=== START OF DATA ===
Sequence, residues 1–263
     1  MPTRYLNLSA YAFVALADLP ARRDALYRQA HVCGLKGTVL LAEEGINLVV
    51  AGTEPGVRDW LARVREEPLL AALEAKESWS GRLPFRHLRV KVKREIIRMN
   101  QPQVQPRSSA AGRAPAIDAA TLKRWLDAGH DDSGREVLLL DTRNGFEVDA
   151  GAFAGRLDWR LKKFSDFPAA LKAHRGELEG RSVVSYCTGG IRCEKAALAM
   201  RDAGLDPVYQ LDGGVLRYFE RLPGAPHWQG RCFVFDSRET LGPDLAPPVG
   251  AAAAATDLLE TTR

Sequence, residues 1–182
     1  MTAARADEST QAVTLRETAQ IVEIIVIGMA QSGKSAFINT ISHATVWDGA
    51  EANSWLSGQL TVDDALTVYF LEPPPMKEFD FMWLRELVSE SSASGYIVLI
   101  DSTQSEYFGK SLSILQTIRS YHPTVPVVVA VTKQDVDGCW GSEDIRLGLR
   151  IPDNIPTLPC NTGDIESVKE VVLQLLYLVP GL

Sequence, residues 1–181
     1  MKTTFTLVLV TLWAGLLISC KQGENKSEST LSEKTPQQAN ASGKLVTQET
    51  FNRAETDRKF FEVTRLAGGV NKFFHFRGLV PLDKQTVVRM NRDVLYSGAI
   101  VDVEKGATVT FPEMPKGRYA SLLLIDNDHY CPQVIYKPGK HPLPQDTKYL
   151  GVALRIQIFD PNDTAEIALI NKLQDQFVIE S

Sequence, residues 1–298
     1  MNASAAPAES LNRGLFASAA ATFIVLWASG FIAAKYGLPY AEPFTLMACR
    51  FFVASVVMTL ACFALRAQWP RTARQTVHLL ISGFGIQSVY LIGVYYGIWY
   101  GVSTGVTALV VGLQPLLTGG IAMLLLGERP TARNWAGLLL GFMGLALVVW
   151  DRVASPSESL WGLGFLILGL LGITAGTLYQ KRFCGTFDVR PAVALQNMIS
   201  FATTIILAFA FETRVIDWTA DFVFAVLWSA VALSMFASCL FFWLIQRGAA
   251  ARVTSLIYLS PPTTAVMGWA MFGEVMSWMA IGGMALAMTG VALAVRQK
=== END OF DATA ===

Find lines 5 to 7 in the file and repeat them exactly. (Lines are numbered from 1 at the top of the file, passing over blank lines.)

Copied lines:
   151  GAFAGRLDWR LKKFSDFPAA LKAHRGELEG RSVVSYCTGG IRCEKAALAM
   201  RDAGLDPVYQ LDGGVLRYFE RLPGAPHWQG RCFVFDSRET LGPDLAPPVG
   251  AAAAATDLLE TTR